Featured Painting: Lawren Harris, Rock and Hill (Lake Superior Sketch CXXXII) 1922
LAWREN S. HARRIS, C.C., LL.D. (1885-1970)
Rock and Hill (Lake Superior Sketch CXXXII) 1922
Oil on Beaverboard 10 ½ x 14 in.(26.7 x 35.6 cm.)
recto: l.l., LAWREN / HARRIS; verso: u.l. in ink, by artist, ROCK & HILL / LAWREN / HARRIS / NOT FOR SALE; u.r., on paper label in ink, by Doris Mills, Rock and Hill / Lawren Harris / Lake Superior sketches CXXXII 10 ½ x 13 ¾
Provenance: Artist; Keith McIver, Toronto; Toronto, Sotheby-Park Bernet, 13 June 1972, lot 82; Art Emporium, Vancouver; Private collection, Montreal
Literature: The paintings of Lawren Harris compiled by Mrs. Gordon Mills, July-December 1936 as Rock and Hill (Lake Superior Sketch CXXXII); Peter Larisey, Light for a Cold Land Lawren Harris’s Work and Life – An Interpretation (Toronto: Dundurn Press, 1993) p. 90 as Rocks and Hill
Rock and Hill may depict the same hillock as Morning Sun over Hill, Lake Superior, though here the light is clear, the foreground rocks more assertive and the lighter colours are darkly outlined asserting their sculptural form. The naked trunks reach up to the top of the frame, creating a vertical and horizontal rhythm. Water, is glimpsed centre left where the clouds are painted with Harris’ characteristic stylization.
In March 1923 the Russian artist Leon Bakst saw Harris’ painting First Snow, North Shore of Lake Superior (Vancouver Art Gallery) at the Art Gallery of Toronto and noted the painting “was sculpture rather than painting” which Fred Jacob of the Mail and Empire understood to refer “to the fact that everything in the picture seemed hard as granite.” Indeed the sculptural treatment of the rocks is most striking in Rock and Hill, an evocative and austere depiction of this remarkable landscape.
There is considerable confusion over the dating of Harris’ Lake Superior sketches but one letter that may assist in dating them. On 15 February 1927 Harris wrote to Eric Brown, director of the National Gallery, in response to an enquiry from Prudence Heward about purchasing a 1925 sketch of Port Coldwell harbour that Harris had exhibited in the May 1926 Group of Seven exhibition. “Will you tell the lady she can have a sketch for $60.00 including frame. This is less than I have been selling the recent sketches for. They are considerably larger than the sketches of two years ago and earlier and in some cases have received as much attention as large canvases.” From this we can deduce that Harris began sketching on larger panels, approximately 12 x 15 inches, in 1925 and that smaller sketches, approximately 10 ½ x 14 inches, like this work, were painted prior to 1925.
(Fig. 1) Above Lake Superior 1924 Oil on canvas 48 x 60 in. (121.9 x 152.4 cm) Art Gallery of Ontario, Toronto (1335). Gift of the Reuben and Kate Leonard Canadian Fund, 1929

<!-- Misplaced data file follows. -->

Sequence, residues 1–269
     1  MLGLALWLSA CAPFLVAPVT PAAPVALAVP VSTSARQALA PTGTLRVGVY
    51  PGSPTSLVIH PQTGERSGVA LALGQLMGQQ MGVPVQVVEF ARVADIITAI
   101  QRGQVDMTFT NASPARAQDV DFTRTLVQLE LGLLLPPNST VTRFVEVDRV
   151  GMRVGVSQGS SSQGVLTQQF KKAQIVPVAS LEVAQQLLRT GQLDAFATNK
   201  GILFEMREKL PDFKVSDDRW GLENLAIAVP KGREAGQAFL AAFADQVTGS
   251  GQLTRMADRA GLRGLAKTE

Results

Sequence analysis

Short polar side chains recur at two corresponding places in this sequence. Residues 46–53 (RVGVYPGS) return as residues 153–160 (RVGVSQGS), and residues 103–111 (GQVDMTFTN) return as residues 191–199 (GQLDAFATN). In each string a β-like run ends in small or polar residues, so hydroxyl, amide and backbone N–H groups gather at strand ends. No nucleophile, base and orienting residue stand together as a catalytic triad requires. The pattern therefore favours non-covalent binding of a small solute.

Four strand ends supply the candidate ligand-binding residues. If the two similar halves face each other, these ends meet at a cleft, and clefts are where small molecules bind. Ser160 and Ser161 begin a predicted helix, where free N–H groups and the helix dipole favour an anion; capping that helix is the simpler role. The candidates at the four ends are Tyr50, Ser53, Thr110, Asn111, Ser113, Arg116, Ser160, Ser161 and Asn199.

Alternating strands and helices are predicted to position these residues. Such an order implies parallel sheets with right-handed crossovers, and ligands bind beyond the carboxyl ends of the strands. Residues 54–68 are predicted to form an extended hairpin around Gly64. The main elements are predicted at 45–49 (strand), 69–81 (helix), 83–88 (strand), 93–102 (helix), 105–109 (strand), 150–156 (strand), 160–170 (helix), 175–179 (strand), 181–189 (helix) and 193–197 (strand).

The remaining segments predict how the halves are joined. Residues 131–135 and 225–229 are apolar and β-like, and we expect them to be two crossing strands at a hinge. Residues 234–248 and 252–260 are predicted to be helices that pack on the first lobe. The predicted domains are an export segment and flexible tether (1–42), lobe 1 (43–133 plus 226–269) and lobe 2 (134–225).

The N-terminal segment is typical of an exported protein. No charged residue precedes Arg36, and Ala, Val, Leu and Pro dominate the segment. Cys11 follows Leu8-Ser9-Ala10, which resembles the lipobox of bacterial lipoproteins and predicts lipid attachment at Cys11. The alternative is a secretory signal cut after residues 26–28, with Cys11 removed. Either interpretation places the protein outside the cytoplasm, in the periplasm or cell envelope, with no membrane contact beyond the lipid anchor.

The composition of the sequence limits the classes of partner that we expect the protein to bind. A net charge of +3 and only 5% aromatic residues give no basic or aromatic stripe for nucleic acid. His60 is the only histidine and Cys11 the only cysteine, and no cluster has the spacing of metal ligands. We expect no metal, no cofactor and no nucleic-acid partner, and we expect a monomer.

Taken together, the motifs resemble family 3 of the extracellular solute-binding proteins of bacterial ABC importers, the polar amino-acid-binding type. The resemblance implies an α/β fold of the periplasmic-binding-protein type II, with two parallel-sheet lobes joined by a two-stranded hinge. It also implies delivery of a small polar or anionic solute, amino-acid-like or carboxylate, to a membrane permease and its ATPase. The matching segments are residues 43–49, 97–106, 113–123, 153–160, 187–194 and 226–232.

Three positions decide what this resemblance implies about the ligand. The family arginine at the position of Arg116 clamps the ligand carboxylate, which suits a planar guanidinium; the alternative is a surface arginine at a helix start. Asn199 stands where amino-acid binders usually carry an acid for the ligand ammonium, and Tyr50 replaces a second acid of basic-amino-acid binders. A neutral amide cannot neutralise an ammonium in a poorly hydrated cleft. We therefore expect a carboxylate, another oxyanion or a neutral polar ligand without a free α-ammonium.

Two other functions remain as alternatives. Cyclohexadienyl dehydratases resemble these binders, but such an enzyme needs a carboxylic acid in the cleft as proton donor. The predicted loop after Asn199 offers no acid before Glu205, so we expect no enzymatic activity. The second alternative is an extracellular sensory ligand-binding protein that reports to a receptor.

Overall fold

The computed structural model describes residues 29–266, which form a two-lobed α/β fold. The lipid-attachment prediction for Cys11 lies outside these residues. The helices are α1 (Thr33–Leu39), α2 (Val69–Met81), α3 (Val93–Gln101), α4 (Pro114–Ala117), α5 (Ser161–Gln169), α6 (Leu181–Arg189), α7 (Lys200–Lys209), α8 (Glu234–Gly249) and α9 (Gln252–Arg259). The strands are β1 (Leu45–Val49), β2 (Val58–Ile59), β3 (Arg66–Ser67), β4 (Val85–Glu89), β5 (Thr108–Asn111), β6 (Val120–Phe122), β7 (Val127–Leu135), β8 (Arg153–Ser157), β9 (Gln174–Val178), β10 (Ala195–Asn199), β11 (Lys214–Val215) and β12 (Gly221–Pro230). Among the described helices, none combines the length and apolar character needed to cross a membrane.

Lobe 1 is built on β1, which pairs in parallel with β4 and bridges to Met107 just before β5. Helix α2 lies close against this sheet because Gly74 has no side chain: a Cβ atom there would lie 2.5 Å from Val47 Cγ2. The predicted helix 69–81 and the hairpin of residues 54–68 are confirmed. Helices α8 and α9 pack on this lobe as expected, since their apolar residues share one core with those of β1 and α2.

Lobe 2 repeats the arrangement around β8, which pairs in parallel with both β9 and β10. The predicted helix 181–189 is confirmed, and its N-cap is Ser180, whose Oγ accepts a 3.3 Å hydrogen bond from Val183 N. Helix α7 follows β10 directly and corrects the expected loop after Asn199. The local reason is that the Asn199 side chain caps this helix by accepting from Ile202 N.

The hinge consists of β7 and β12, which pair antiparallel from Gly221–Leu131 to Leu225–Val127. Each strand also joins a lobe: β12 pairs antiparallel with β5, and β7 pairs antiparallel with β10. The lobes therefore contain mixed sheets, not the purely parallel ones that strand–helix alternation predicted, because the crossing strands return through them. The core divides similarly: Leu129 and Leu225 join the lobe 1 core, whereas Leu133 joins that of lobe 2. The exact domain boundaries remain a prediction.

The Art Gallery of Ontario owns the oil sketch from which Harris painted Above Lake Superior (fig. 1), but Rock and Hill bears a number of similarities to the canvas which was first exhibited at the Ontario Society of Artists exhibition in March 1924. The canvas probable dates from 1924 and not c. 1922 as currently catalogued. Dead trees rise from the foreground that is lower and snow-covered in the canvas. The hillock occupies the centre of the composition, while the waters of Lake Superior are glimpsed right and left.
This oil sketch belonged to A.Y. Jackson’s friend Keith McIver, a prospector who lived in the shack behind the Studio Building where Tom Thomson had painted during the last few winters of his life. McIver had an exceptional collection of works by Group members, the result of intimate friendships and a keen understanding of their work.
Charles C. Hill, C.M.
Lawren Harris & Canadian Masters, Alan Klinkhoff Gallery, 2017
Charlie Hill began working at the National Gallery of Canada in 1972 and was Curator of Canadian Art from 1980 to 2014. The exhibitions he organized and publications he wrote include “Canadian Painting in the Thirties” (1975), “To Found a National Gallery. The Royal Canadian Academy of Arts 1880-1913” (1980), “Morrice A Gift to the Nation The G. Blair Laing Collection” (1992) and “The Group of Seven Art for a Nation” (1995). He was co-curator and contributed essays to the catalogues of “Tom Thomson” (2002), “Emily Carr A New Perspective” (2006) and “Artists, Architects, Artisans Canadian Art 1890 – 1918” (2013). He was appointed a Member of the Order of Canada in 2000, received an Honorary Doctorate from Concordia University in 2007 and the Award of Distinguished Service from the Canadian Museums Association in 2012.